Meaningful Living in the Hashtag Age

Posts tagged ‘fear’

Three Things Fear Helped Me Accomplish

Fear is an emotion often associated with feelings of uncertainty, danger, shame, and rejection. It is a dark room where creatures wait to prey on me, a dangerous journey towards the unknown. But every emotion, good or bad, has its purpose, and fear is no different.

Where love brings me joy, warmth, and connection, fear drives me out of my comfort zone. It forces me to fight against my inherent nature to run away from what is unfamiliar. 

Fear is born out of change, and progress cannot exist if we do not accept change. Therefore, if we live trying to avoid fear, we ultimately limit our progress in life.

If fear is designed to hold me back, why did God give me the emotion of fear? And how do I manage my fears and reach my destiny in life?

I’ve asked myself these questions countless times when fear was not my friend when fear caused me to miss out on opportunities in life that God meant for me to experience. But now, after years of learning that every emotion carries good and bad energy, I look back and know that I was better equipped to accomplish my goals when I embraced my fears.

The three biggest goals accomplished in my life were done with love, fear, and change in the passenger’s seat. Below is what fear helped me achieve:

1) Open my life to others.

I am a closet introvert who refuses to hide. That means I love being alone but don’t choose to be alone. Most days, you find me in front of a television clicking back and forth between the news, Lifetime movies, true crime, and Family Feud. I enjoy the sound of my heartbeat in a quiet room and listening to the noise the keyboard makes when my fingertips tap against it. But my fear of true isolation forces me to live out loud. To fight against anything that prevents me from being who God said I am, “the light of the world (Matthew 5:14).” Despite my love of being alone, my life cannot be lived in isolation. Therefore, I live in the open. I write in the open. I love in the open because fear inspires me too.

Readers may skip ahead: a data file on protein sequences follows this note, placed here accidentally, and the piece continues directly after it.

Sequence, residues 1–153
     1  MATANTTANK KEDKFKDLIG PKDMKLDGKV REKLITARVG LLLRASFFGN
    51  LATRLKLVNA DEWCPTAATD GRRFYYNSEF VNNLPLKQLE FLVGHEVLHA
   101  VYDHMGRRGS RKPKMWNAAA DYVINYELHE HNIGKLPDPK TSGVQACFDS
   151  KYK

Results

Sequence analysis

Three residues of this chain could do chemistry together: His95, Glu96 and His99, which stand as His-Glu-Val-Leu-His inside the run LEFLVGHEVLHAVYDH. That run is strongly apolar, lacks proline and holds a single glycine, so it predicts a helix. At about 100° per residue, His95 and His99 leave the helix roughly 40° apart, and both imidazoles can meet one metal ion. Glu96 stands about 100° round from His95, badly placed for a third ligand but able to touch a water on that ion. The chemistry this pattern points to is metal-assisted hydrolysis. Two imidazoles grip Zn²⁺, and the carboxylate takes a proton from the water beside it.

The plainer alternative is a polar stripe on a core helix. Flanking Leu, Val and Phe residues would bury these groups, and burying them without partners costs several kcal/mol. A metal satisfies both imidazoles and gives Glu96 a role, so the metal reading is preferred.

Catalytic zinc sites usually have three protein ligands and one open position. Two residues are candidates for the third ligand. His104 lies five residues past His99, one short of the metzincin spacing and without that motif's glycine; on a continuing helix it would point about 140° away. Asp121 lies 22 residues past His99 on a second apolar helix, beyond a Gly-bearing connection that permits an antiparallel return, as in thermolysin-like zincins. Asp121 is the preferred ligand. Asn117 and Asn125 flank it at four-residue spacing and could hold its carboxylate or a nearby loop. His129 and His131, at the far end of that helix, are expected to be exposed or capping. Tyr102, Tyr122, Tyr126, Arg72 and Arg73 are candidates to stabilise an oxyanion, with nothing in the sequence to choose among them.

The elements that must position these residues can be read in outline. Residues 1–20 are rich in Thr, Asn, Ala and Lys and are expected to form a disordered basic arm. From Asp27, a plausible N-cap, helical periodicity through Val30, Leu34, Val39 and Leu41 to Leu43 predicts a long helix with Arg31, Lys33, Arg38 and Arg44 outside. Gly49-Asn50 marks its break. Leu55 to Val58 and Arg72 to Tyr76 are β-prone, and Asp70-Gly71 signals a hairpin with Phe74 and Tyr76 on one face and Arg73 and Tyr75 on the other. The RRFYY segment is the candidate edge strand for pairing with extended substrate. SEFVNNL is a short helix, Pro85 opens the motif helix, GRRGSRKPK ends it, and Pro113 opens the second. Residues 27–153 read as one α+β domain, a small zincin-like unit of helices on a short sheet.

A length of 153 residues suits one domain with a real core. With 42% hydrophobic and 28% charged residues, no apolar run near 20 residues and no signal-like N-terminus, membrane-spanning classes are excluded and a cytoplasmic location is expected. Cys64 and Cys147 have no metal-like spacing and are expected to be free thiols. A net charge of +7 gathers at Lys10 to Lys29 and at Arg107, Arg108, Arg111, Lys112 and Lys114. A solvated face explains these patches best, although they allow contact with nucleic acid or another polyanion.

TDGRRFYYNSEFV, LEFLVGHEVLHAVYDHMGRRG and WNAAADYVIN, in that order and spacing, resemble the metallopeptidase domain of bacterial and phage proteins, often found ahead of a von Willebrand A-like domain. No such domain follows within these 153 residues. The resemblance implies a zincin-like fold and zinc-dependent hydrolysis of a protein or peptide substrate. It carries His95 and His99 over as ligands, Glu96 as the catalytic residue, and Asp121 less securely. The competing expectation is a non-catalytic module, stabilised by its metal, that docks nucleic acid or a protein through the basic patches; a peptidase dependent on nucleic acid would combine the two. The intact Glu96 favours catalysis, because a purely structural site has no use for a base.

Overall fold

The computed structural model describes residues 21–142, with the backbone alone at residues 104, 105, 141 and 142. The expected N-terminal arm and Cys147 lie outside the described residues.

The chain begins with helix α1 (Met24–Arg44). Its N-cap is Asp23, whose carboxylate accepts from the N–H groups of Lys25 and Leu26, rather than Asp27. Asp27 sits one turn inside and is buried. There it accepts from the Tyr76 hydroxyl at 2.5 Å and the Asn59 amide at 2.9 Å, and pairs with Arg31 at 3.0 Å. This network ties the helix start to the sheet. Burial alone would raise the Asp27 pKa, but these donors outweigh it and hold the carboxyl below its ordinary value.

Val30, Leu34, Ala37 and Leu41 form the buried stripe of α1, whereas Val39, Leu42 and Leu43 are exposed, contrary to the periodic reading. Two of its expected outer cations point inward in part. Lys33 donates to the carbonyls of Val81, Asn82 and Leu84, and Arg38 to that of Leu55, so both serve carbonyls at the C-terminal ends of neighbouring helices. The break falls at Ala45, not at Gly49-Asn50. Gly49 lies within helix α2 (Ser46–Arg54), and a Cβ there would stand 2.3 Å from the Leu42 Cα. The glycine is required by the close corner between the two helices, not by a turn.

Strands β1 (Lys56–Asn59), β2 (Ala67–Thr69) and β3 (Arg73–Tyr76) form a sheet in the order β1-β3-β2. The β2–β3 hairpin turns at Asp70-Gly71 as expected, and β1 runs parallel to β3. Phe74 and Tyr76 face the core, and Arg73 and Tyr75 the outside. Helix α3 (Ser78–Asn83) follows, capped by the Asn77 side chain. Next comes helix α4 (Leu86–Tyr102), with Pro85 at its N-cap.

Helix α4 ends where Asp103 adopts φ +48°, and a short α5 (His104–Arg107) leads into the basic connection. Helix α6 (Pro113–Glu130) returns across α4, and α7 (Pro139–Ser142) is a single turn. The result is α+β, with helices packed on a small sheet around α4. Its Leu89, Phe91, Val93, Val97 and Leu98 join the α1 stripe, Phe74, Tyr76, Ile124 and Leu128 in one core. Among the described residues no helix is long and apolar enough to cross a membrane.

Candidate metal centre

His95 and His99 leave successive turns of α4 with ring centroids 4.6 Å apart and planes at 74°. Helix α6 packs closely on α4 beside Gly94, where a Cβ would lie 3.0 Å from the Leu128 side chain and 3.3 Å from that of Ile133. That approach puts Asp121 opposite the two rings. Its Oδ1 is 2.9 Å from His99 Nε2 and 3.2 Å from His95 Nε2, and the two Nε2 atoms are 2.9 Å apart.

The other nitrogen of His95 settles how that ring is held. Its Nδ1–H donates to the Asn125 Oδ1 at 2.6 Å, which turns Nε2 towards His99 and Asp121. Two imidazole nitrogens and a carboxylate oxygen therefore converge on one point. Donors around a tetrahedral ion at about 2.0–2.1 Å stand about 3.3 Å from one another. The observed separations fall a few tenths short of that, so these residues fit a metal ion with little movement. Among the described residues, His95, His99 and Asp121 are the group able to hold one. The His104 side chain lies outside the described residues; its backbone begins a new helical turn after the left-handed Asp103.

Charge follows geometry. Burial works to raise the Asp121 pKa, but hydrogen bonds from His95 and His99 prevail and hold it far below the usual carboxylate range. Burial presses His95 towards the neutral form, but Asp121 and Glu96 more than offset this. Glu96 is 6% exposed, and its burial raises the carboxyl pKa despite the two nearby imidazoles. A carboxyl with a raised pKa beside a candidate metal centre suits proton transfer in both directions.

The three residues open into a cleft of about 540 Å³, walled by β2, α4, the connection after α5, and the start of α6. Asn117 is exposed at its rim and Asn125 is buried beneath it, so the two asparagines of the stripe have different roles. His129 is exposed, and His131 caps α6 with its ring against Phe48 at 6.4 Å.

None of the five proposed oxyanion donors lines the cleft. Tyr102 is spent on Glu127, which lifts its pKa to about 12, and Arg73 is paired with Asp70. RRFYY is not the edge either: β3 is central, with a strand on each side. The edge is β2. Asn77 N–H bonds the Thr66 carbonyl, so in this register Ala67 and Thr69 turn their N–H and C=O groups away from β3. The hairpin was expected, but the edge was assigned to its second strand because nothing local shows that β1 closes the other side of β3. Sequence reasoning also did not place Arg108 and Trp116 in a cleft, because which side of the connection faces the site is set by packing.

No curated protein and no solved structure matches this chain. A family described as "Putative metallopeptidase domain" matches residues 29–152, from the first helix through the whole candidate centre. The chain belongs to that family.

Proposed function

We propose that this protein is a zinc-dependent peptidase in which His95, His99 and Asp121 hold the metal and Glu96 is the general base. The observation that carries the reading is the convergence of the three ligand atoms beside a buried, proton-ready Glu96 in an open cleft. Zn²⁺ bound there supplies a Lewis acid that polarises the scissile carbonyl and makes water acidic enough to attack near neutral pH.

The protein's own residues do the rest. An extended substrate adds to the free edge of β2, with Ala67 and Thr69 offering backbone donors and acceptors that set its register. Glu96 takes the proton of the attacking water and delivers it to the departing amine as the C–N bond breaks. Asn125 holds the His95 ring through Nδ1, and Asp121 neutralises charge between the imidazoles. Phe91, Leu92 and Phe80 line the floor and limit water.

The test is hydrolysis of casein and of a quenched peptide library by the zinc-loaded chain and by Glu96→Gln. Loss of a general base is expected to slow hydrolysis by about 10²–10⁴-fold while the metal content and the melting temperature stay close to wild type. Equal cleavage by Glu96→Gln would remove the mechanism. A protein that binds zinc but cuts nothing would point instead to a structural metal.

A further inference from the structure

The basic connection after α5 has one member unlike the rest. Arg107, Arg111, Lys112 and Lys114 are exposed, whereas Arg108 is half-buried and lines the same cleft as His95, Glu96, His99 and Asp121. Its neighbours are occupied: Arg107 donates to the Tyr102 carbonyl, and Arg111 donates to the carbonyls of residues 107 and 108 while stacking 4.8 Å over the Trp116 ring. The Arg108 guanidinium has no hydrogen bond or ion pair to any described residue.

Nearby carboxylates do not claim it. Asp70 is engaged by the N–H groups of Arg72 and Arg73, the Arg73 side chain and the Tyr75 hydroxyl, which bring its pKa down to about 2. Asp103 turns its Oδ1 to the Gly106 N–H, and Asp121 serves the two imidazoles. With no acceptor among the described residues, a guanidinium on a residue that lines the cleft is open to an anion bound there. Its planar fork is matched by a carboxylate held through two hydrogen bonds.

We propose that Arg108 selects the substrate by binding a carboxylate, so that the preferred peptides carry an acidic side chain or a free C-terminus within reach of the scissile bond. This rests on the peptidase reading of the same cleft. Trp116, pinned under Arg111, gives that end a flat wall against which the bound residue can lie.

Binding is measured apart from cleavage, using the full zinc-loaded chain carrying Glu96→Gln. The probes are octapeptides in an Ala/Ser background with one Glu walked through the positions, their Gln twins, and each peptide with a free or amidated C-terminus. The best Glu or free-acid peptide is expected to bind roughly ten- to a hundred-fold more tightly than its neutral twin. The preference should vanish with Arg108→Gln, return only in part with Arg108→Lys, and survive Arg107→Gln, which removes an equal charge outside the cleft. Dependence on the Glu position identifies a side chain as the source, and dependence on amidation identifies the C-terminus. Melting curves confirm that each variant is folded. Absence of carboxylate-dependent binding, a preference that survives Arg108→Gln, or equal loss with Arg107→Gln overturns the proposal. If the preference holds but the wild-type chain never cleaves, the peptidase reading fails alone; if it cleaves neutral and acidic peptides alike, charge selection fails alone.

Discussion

2) Find true love.

As the story goes, true love is hard to find. This is not only factual, but it is humbling. When the greatest gift God gives us is hard to find, fear, and the anxiety and isolation it often creates, can kick in. Before I met my husband (over twenty years ago), I feared I would never find true love. I’d watched people struggle with fading, wavering, and conditional love, but true love was still a legend. Then I met my husband, a military officer who lived a life that was foreign to me. He was moving around every 3 to 4 years. From city to city. Military base to military base, and he wanted me to be a part of his life. Instead of doing what fear called me to do — stay within my comfort zone, say ‘no,’ remain in my hometown and continue pursuing my career; I pushed against this and instead used my fear of the unknown as my motivation. I decided to join him on his journey, to be his wing-man, his rib, his family. I found true love because my fears allowed me to.